Small loans for small businesses

October 5, 2012
Back to TopCommentsE-mailPrintBookmark and Share

If they knew then what they know now, business partners Clayton Willis and Brent Eskew might have looked for outside funding before launching Stage Ninja LLC.

Instead, they spent their own money researching and developing their retractable cable systems for audio equipment, then applied for loans to help the company grow.

“We would have been much better off going in with an idea and a business plan,” said Willis, 40. “We ran into wall after wall.”

So they settled for a more circuitous route. Stage Ninja began marketing its custom stage and studio gear in 2007, two years after Eskew built the first prototype. It took another few years to break even.

Then in July 2011, the Roncalli High School buddies got a boost in the form of a $4,000 loan from the not-for-profit Business Ownership Initiative of Indiana, which was testing microloans at the time. The money helped Stage Ninja build its inventory and improve cash flow. Sales increased as a result, and the partners repaid the note last month.

Now BOI is ramping up is microloan program and Stage Ninja is its first customer, borrowing another $10,000 to continue its growth.

Willis declined to share the private company's financial results, but he said sales so far in 2012 are higher than they were this time last year, which was a record setter.

“It’s a pretty exciting time for us,” he said.

He is grateful for the money and the support from BOI, which also provides one-on-one business counseling, but Willis admits that even $10,000 is far less than the company needs.

“From the numbers we’ve run, we think we could take on a $200,000 loan and really reach our potential,” he said. “But we just could not seem to find that.”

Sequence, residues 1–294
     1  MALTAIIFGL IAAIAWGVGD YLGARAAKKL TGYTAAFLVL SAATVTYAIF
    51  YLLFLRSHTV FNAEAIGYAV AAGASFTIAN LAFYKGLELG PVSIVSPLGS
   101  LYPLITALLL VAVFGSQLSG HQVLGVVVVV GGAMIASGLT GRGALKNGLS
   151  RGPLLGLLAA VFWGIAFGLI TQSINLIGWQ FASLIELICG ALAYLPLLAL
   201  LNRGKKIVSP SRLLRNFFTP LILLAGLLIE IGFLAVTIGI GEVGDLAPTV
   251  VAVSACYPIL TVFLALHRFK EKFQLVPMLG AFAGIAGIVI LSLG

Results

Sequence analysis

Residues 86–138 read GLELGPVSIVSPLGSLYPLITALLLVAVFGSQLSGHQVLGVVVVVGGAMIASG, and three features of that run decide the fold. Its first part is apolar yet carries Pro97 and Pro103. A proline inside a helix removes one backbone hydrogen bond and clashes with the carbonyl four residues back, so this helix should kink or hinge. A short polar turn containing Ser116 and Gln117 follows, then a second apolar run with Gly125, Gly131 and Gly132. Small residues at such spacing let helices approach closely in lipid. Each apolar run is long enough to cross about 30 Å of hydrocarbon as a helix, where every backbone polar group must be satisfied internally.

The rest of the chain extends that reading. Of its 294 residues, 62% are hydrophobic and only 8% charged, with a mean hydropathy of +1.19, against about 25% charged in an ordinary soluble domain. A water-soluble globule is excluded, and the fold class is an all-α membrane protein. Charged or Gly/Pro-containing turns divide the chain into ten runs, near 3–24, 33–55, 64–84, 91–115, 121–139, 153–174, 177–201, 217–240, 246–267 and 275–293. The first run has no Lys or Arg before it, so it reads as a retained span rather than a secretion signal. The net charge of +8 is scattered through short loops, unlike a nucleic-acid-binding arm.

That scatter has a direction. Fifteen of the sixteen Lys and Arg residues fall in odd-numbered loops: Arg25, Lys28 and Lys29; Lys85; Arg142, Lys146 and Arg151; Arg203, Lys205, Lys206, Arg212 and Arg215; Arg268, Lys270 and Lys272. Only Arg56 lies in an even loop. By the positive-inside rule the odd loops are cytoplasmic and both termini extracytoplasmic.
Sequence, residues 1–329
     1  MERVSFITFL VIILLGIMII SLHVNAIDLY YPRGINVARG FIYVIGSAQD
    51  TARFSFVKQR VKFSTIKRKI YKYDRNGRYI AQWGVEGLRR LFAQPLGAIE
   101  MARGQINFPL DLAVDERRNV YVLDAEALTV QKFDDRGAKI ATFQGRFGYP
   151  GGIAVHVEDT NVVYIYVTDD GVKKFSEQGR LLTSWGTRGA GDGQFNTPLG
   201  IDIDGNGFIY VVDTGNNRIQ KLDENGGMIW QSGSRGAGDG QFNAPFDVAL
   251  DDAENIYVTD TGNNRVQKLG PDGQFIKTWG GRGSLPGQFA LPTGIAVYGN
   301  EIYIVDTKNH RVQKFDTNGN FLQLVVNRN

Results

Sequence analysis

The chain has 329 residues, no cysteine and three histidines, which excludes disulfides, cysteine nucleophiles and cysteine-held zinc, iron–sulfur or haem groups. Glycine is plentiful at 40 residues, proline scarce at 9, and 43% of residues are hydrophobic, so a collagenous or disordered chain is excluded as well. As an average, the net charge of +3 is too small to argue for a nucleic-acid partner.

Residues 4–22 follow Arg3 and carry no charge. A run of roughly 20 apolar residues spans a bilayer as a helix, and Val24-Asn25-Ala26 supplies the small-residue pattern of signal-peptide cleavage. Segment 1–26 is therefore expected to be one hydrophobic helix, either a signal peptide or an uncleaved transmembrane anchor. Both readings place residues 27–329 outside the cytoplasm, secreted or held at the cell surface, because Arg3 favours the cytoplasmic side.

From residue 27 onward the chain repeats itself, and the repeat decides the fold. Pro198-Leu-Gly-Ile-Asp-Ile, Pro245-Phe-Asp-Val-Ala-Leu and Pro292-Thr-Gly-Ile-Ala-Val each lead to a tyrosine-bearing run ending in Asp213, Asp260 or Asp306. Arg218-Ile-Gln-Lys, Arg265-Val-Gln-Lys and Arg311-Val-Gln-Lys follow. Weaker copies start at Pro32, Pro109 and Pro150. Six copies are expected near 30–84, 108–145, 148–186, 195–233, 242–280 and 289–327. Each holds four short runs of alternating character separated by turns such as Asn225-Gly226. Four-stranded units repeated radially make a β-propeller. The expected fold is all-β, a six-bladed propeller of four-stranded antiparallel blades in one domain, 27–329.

BOI is funding the microloan program with $150,000 in grants from the Glick Fund and Indiana Housing and Community Development Authority’s Business Expansion and Entrepreneur Development fund.

Executive Director Julie Grice hopes that’s just the beginning.

“"The more loans we issue, the more we are able to prove there is a real need in the community,” she said in a statement released this week announcing the Stage Ninja loan.

Ultimately, her goal is to increase the funding pool so BOI can raise lending limits closer to $100,000, giving startups and small ventures access to much-needed capital.

“It’s just not in a bank’s interest to do a lot of lending in space under six figures,” she told IBJ in May.

There's little doubt that finding financing is one of the biggest challenges small businesses face. So how much is enough? Can $10,000 make a difference to a fledgling firm?

ADVERTISEMENT
  • unfortunately
    Unfortunately for every successful step forward for a small business Obama will create two regulations that require more money and two steps back. Small business innovation will get the wet blanket thrown on them under liberal control.
  • Small Loans = Big Difference
    I absolutely believe that small microloans can help a business become more successful. Take a few examples: - $10,000 could fund a rather aggressive grassroots marketing campaign across a city or state - $10,000 could supplement a salary for 6+ months for a new position a startup wants to create, but cannot fund alone (too much risk) - $10,000 can build a new app for a business - $10,000 could fund a new delivery vehicle or a custom paint job (virtual billboard) So, yes, a loan of even $10,000 can make a huge difference to a small business and should be encouraged!